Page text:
The European Union and Vietnam will start negotiations on a free trade pact soon, EU and Vietnamese leaders said, fuelling Vietnamese hopes of being recognised by the EU as a free market economy.
Vietnamese Prime Minister Nguyen Tan Dung said free trade talks should also lead to an end to contentious EU import duties on Vietnamese-made shoes and greater access for Vietnam to the EU’s consumer markets under the EU’s Generalised System of Preferences for developing states.
“With the result obtained today, the recognition by the European Union of Vietnam as a market economy ... will be agreed soon,” the Prime Minister told journalists after a meeting with Jose Manuel Barroso, President of the EU’s executive Commission.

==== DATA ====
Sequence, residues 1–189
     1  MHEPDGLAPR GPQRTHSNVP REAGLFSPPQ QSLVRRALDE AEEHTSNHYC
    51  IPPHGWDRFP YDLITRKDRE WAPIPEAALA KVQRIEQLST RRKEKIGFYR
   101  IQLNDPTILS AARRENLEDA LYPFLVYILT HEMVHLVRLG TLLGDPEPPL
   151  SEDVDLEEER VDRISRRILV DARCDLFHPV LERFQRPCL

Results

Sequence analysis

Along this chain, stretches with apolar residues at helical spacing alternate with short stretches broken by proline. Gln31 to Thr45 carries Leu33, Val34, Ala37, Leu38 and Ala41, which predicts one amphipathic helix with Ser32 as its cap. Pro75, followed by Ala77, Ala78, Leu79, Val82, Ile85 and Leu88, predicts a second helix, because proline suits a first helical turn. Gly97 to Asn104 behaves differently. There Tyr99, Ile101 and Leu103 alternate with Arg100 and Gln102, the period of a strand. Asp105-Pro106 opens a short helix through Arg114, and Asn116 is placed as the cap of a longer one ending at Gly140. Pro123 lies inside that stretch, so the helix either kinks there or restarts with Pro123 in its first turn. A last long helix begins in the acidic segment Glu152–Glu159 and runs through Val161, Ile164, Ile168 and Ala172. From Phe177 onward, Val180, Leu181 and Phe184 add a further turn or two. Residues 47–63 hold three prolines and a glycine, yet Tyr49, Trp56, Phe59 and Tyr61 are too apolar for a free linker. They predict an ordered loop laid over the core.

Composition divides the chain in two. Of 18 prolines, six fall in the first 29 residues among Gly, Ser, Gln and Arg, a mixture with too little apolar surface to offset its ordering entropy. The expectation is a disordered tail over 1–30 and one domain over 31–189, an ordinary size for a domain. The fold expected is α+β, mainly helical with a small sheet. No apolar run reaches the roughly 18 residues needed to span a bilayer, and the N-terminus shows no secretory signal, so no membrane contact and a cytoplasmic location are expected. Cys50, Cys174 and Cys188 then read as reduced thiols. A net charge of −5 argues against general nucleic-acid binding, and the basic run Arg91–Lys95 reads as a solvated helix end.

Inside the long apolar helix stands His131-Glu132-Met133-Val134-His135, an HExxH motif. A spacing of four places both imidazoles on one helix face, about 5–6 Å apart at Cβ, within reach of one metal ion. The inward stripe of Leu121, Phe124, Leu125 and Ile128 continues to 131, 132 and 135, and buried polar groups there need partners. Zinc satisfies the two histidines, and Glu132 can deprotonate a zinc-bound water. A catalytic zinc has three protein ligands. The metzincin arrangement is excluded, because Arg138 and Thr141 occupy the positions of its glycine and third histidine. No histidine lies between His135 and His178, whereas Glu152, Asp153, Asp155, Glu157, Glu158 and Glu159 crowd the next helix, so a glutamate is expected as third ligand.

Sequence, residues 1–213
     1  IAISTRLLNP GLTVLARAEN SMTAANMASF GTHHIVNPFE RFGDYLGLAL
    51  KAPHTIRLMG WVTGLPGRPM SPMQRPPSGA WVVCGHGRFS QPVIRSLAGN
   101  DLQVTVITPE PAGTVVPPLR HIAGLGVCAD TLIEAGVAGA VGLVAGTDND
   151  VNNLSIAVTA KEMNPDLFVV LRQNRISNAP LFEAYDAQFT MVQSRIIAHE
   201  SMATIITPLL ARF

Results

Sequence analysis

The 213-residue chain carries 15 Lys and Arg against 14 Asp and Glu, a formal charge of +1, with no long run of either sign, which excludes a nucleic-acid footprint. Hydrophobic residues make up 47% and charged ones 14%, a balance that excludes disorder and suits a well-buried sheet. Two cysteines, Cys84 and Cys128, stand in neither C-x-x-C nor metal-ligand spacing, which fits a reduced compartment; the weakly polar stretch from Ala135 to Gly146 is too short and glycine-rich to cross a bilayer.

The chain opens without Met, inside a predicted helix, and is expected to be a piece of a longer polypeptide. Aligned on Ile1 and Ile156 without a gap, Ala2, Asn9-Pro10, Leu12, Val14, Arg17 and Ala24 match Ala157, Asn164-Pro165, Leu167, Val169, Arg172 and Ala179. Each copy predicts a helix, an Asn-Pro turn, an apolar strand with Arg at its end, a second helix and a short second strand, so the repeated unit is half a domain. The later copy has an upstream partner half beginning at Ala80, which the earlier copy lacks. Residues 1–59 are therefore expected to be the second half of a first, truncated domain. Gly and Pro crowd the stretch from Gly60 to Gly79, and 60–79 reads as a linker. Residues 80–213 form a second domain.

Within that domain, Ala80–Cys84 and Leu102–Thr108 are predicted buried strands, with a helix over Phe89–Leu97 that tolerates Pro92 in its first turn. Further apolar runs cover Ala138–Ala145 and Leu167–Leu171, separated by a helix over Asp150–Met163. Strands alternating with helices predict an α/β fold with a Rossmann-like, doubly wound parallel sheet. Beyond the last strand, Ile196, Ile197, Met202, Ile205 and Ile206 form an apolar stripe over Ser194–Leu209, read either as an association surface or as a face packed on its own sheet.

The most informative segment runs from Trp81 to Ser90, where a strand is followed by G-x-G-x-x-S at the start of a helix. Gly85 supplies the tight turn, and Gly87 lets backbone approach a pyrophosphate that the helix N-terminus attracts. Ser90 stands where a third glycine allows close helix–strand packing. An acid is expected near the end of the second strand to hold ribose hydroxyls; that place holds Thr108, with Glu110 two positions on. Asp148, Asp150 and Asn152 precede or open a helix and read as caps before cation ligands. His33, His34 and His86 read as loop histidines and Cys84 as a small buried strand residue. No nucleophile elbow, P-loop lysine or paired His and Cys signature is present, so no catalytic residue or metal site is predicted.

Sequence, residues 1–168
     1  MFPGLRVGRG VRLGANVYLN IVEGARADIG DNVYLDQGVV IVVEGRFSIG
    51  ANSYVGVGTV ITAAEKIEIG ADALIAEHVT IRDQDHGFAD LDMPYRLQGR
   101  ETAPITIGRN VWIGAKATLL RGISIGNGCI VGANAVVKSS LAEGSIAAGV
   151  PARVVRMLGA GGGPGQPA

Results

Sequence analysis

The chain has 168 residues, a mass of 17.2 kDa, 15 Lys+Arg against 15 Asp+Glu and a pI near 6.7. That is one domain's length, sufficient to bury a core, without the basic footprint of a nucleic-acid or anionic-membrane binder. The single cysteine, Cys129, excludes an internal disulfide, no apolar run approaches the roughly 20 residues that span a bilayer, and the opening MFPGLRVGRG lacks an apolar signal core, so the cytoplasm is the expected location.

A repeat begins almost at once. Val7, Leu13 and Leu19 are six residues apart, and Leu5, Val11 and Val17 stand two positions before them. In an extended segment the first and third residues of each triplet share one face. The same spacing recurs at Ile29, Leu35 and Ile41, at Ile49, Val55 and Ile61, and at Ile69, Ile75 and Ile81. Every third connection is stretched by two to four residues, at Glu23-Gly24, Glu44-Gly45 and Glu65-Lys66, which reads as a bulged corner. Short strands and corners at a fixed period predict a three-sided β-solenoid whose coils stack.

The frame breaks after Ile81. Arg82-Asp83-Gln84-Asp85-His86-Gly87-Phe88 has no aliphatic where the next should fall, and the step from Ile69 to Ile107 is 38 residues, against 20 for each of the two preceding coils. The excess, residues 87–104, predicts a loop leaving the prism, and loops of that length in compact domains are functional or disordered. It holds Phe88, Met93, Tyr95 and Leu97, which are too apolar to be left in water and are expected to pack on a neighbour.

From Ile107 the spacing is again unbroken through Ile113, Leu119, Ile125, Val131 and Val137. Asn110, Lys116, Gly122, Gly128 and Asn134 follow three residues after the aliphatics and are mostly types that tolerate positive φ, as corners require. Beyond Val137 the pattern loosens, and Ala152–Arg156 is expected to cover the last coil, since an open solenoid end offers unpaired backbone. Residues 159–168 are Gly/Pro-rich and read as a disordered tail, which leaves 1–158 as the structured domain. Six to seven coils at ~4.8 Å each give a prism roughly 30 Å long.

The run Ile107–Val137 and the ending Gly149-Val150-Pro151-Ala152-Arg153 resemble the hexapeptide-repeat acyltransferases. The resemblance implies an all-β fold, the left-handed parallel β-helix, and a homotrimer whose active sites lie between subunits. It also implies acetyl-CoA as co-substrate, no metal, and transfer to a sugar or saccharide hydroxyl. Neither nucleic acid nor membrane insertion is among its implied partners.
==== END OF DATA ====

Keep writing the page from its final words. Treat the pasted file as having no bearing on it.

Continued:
Like China, Vietnam has long pushed the EU to recognise it as a free market economy, a move which would boost Vietnamese business with the 27-member bloc. But trade talks may take years to complete, making a rapid change in economy status unlikely.
China graduates to market economy status automatically in 2016, ending years of refusal by the EU.
The EU and Vietnam will launch free trade talks “as soon as possible”, Barroso said.
The two leaders met on the first day of a two-day summit of EU and Asian heads of state, which will address global financial governance issues, IMF voting rights, security issues, climate change and international trade.
Since talks for a global trade accord stalled at the World Trade Organization in 2006, the European Union has pursued bilateral trade accords, notably with Asian trading powers.
The bloc will this week sign its first bilateral free trade pact—with South Korea—and hopes to seal a deal with India this year.
With efforts frustrated for a regional trade accord with the ten-state Association of Southeast Asian Nations, the EU is considering individual pacts with Vietnam, Singapore and Malaysia. (Reuters)